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3 Tips for Success from Minority Entrepreneurs

Minority-owned enterprises made up more than 50% of the 2 million new businesses started in the United States in the past 10 years, according to the US Senate Committee on Small Business and Entrepreneurship.  There are now more than 4 million minority-owned companies in the US, boasting annual sales of around $700 billion, altogether.

As the US Senate Committee on Small Business & Entrepreneurship noted, there is still a disparity in access to capital and entrepreneurial development opportunities for minority-owned firms. “Though minorities make up 32% of our population, minority business ownership represents only 18% of the population.”

Minority entrepreneurs face a unique set of challenges in navigating the path to business success. Three minority entrepreneurs in Calgary, Alberta, shared their advice in a recent article in the Calgary Journal.  Eddie Richardson, president of Genesis Basketball; Joyce Okunsi, CEO of Joyce’s Closet; and Beni Johnson, founder of 10at10 media platform have all launched successful businesses in the face of discrimination and financial barriers.

  1. Don’t let stereotypes define you

“Whenever I was given a job or a task I would always try to be the most educated on it.” said Johnson. “People were racist in their ways. If something does not look like you, people get afraid of it, so it was a combination of many things.”

  1. Don’t let barriers stop you

“In fashion, I faced many barriers. I had to work twice as hard to prove my credibility as a stylist. Because I am a black woman, I was excluded from many things that I should have been a part of.” said Okunsi.

  1. Don’t forget that your experiences are valuable

“I’ve worked through a lot to get to where I am and I still have a lot ahead of me,” said Richardson. “I hope that my story inspires others to never settle and to push through adversity because anything is possible.”

How Black-Run Newspapers Changed the World: Black History Month

To mark this year’s Black History Month, we’re taking a look at the impact and import of African-American journalism through the past century, specifically in the realm of Black-run Newspapers and their ongoing legacy in the modern landscape of journalism.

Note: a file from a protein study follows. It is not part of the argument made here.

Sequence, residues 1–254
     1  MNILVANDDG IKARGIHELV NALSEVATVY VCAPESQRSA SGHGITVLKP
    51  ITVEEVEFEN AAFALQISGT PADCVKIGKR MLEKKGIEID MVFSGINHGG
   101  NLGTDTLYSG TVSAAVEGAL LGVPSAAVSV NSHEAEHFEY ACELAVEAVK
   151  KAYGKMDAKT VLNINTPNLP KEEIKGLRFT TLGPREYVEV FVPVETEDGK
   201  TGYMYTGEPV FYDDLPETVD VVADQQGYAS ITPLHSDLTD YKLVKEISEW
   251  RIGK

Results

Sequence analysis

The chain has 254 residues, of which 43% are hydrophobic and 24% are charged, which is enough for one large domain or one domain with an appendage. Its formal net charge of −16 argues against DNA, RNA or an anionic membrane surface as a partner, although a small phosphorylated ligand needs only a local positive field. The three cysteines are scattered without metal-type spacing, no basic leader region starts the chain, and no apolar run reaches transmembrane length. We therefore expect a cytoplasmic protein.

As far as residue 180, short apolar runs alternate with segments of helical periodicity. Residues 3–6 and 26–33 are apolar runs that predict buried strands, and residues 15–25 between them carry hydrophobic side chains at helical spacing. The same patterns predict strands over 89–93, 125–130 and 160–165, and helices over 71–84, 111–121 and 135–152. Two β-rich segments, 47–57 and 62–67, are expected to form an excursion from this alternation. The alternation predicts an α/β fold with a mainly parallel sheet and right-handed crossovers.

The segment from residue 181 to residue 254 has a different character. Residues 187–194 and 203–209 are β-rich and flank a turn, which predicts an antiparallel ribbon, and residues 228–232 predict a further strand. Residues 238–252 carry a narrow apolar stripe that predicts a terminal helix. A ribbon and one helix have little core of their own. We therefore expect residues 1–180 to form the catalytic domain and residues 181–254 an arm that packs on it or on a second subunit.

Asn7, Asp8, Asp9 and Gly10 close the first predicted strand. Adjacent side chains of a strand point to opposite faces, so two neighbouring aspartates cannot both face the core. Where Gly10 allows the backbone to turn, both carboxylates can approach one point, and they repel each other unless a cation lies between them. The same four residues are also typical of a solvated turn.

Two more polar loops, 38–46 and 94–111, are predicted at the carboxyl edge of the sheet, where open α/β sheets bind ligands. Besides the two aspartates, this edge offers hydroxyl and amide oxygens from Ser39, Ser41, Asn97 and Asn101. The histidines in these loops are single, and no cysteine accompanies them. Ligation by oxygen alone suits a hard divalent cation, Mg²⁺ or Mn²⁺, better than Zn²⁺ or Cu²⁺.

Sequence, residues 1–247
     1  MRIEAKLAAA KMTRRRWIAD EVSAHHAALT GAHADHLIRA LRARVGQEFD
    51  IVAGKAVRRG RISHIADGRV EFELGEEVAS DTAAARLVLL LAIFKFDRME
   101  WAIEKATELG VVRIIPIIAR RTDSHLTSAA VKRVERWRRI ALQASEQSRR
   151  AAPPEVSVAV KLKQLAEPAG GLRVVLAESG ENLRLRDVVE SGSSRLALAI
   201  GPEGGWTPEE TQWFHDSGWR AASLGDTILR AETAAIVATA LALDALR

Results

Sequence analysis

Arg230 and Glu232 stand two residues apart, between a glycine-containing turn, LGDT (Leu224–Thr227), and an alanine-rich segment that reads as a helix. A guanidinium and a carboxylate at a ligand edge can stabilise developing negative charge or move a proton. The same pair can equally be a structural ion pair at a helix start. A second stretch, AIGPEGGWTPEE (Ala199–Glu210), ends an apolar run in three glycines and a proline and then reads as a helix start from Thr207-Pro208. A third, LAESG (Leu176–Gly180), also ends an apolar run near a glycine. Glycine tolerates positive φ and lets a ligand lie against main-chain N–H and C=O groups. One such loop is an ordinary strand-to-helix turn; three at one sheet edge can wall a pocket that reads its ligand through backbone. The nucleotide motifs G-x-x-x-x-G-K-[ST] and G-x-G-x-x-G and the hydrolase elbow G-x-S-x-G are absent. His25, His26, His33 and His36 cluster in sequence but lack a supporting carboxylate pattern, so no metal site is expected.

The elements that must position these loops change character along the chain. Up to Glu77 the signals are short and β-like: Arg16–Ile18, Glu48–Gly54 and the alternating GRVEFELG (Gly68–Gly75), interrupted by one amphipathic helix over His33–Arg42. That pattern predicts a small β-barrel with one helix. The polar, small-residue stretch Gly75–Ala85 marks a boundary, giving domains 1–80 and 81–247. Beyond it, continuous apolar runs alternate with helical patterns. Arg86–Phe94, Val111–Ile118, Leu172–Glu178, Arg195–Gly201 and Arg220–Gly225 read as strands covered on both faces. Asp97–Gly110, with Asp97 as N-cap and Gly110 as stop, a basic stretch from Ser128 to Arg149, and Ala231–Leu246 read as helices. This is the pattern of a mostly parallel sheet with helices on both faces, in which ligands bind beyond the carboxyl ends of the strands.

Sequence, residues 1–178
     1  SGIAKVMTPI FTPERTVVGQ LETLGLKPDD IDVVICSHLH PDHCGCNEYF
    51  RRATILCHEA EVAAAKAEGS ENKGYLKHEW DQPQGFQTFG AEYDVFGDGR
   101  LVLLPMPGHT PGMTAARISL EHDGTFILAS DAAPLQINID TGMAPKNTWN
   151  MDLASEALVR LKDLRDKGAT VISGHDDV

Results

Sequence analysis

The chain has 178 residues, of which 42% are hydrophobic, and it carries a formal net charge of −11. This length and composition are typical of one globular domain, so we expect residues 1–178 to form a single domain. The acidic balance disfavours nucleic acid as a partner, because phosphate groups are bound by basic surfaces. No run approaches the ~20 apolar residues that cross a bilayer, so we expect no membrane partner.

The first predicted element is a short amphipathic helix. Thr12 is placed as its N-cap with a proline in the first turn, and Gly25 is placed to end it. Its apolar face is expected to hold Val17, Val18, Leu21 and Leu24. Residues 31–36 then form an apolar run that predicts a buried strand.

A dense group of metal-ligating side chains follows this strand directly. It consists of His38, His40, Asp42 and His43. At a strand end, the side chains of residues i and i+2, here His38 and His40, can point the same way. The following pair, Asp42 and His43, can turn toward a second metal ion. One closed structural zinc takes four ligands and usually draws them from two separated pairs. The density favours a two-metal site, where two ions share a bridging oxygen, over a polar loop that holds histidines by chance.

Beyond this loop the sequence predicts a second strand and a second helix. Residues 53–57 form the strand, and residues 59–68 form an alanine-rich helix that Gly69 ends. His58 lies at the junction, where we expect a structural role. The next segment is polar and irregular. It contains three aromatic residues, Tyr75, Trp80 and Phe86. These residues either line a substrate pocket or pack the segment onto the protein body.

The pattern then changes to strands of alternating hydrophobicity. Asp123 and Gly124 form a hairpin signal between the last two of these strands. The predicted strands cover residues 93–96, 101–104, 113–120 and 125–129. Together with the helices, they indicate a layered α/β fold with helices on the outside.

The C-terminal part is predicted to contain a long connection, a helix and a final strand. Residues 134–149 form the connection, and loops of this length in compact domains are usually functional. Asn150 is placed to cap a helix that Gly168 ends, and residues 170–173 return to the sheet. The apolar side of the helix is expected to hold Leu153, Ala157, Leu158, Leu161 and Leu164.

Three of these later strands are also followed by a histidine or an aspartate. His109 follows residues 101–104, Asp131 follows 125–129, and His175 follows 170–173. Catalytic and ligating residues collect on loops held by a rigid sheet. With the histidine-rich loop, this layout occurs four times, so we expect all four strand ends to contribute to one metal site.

Black newspapers throughout the 19th and 20th centuries represented the first wave of media being tailored for specific audiences outside what was considered the mainstream, a trend that grew to encompass almost every minority group — and spread globally in a few scant decades. They serve as some of the few written records of African-American lives and culture spanning a period of over a century, and represent a treasure trove of historic documentation of black culture of the era.

Black-run newspapers, like Frederick Douglass’ North Star and Samuel Cornish’s Freedom’s Journal ,served simultaneously as sources of information connecting black communities around the U.S. — and beyond — and as ongoing rallying cries for the abolitionist and civil rights movements. They illustrate how powerful the media industry can be when it comes to influencing social and political change — and the media’s ability to connect communities and enable communication and organization.

Frederick Douglass, founder of the North Star. Source: National Archives and Records Administration

 

As of 2002, around 200 black newspapers remained in circulation. Black-run and black-focused media has suffered, alongside most other journalism outlets, with the decline of print media. But  a proliferation of news-media websites tailored to black communities took root online — and they offer valuable outlooks on the lives and culture of modern black communities on a more accessible platform than has ever before been available.

While the voice and the culture has changed and evolved with the times, the spirit of African-American journalism lives on in the digital publications of the modern age. Capable of reaching quite literally millions of people and encompassing a more diverse audience than ever before, the black newspapers of yesteryear paved the way for the digital outlets of today.

Aside from its value as a teaching point about the power of media, preserving the history of black newspapers will allow us to remind future generations of their ancestors’ impact on the world around them, with names like Frederick Douglass, Samuel Cornish, Daisy Bates, and Ida Wells serving as inspirations and role models for the the black community — and beyond.